Small is not only beautiful. It is invariably better for Stephen Sondheim musicals. And the joy of Gary Griffin's production, hailing from the Chicago Shakespeare Theatre and using 10 actors and four musicians, is that it allows us to savour every word and register every dramatic nuance in a way that is impossible in glitzier revivals.

Seeing this 1976 show again, one is struck by the topicality not just of Sondheim's lyrics but of John Weidman's book. It deals, after all, with Commander Perry's use of military force to persuade Japan to open up trade relations in 1853.

At a time of resurgent American imperialism it is fascinating to hear Perry referring to "these backward-seeming, semi-barbarous peoples." It also comes as a shock to be reminded that the British, French and Russians who leapt on the American bandwagon were met with fierce guerrilla resistance by samurai warriors.

In short, this is a nakedly political musical. But the genius of Sondheim's music and lyrics is the way they move from Oriental minimalism to multinational pastiche as Japan gradually becomes more westernised.

In the achingly beautiful first half we listen entranced as a samurai and a fisherman exchange haikus as they travel. And in Someone in a Tree we see how history is made up of fragmentary moments and multiple perspectives.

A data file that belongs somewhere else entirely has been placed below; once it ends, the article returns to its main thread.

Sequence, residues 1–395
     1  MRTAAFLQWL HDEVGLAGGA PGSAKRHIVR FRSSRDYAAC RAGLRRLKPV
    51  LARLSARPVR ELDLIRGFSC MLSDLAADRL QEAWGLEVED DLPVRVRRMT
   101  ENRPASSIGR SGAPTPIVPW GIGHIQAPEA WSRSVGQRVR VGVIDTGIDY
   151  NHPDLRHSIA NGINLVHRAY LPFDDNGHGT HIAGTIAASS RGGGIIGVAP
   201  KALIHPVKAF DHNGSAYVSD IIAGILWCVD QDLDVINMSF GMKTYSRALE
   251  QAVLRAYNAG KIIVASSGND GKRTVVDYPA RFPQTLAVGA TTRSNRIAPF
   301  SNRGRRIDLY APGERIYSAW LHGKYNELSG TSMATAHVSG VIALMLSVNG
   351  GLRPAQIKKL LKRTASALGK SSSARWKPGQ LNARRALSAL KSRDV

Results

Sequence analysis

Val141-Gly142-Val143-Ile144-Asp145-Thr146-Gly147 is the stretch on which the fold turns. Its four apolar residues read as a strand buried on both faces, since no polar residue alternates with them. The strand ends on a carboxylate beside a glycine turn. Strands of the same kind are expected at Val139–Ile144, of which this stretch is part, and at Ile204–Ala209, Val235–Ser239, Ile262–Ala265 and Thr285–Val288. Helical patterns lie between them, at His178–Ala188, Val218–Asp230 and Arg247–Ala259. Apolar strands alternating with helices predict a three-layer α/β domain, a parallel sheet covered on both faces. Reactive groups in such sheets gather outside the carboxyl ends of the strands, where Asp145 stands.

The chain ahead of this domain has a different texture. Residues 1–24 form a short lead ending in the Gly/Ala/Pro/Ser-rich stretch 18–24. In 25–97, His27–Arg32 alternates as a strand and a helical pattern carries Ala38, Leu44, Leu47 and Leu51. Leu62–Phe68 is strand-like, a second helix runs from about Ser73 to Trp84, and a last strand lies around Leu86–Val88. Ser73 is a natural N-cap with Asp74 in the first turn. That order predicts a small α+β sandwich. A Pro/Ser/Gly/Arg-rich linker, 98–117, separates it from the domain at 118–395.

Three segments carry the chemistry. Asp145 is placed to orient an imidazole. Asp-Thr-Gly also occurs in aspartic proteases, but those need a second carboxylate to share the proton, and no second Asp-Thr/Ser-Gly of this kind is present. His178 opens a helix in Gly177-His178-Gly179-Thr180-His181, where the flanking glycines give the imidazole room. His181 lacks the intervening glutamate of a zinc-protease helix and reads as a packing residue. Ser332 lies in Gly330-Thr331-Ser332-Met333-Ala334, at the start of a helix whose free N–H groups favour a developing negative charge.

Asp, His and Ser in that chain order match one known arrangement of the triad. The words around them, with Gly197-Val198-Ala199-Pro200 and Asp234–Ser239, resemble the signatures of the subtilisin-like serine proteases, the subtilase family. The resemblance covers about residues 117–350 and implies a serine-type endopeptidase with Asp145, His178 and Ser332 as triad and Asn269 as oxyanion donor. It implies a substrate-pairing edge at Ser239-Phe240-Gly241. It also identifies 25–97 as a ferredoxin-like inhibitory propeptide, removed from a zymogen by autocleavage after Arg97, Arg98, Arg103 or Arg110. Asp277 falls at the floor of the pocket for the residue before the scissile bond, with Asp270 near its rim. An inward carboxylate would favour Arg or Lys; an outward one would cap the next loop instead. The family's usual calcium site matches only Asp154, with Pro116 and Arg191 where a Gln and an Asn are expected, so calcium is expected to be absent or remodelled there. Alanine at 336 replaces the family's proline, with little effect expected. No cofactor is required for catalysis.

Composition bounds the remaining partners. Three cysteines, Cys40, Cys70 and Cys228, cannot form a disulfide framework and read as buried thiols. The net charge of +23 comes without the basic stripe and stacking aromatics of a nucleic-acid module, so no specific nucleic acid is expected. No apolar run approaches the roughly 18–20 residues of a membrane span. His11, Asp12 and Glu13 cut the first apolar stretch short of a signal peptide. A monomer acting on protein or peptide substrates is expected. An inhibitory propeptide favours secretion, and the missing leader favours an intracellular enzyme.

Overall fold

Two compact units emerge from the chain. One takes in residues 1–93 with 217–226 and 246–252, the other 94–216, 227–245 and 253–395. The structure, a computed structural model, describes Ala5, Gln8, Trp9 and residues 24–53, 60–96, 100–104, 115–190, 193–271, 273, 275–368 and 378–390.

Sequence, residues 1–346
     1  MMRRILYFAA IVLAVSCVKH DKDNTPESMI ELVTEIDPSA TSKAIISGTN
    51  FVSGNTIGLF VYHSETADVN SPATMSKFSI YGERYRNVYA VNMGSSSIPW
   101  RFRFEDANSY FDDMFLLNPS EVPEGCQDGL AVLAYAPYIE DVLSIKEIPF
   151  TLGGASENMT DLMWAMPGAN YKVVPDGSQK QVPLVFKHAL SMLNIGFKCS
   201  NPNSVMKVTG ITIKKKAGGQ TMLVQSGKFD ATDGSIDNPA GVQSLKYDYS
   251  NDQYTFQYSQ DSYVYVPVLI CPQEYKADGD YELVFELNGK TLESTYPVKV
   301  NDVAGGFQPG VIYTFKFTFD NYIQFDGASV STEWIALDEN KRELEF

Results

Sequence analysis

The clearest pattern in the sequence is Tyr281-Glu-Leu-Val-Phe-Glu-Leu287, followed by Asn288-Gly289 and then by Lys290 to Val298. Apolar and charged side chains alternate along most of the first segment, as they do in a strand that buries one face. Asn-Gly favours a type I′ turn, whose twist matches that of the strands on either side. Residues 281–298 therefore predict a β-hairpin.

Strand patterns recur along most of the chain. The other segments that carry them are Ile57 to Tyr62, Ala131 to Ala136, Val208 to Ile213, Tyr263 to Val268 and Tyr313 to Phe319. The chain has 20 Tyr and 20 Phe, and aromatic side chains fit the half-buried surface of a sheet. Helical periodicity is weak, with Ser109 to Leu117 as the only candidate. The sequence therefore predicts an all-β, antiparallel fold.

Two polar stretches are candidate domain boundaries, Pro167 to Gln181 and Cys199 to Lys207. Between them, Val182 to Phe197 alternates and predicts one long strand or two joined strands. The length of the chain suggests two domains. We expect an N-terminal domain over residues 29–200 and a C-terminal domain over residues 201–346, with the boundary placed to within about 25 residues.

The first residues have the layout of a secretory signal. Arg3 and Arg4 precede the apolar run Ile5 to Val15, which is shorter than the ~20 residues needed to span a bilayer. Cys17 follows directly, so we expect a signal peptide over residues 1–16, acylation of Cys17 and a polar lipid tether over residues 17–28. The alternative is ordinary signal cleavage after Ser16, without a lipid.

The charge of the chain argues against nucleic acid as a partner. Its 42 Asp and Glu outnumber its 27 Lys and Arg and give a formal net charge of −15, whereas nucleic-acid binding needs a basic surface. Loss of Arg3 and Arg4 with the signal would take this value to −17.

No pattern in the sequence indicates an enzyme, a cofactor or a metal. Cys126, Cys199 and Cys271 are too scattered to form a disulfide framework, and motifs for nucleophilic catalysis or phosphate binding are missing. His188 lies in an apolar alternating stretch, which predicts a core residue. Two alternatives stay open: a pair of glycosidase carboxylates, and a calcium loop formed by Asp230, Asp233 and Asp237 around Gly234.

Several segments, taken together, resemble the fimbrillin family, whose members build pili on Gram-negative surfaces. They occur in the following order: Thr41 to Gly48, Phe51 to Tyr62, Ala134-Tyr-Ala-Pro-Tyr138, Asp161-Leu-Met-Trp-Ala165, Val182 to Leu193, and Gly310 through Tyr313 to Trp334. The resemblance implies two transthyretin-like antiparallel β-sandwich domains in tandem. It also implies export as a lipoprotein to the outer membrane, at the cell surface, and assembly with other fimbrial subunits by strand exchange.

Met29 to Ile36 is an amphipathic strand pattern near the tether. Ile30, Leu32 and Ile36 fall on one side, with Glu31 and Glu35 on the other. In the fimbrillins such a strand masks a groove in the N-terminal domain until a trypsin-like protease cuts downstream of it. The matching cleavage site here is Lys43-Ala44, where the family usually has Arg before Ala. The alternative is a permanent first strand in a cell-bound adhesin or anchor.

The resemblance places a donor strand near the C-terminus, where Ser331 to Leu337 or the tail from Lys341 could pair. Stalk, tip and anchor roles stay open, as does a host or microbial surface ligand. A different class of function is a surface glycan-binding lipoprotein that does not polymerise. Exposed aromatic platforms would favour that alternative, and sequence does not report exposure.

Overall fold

But by the second half, as the invading admirals arrive, Sondheim precisely parodies Sousa, Sullivan and Offenbach to pinpoint cultural invasion.

You could argue that the second act over-compresses 20th-century history and that the final point about Japan's economic revenge is less true than it was. But this is still a great musical that satirises America's historical determination to impose its own values on other civilisations. Griffin's production, played on a rectangular pinewood stage, embraces the austerity of noh as much as the colour of kabuki and is quite outstandingly acted by its all-male cast.

Joseph Anthony Foronda's Reciter not only holds the show together but views the unfolding history with wry, cool omniscience. Jerome Pradon is wonderfully poisonous as the Shogun's mother in Chrysanthemum Tea. And in the great song about history seen from a tree Togo Igawa and Mo Zainal touchingly represent the polarities of youth and age.

  Michael Billington
Tuesday July 1, 2003
The Guardian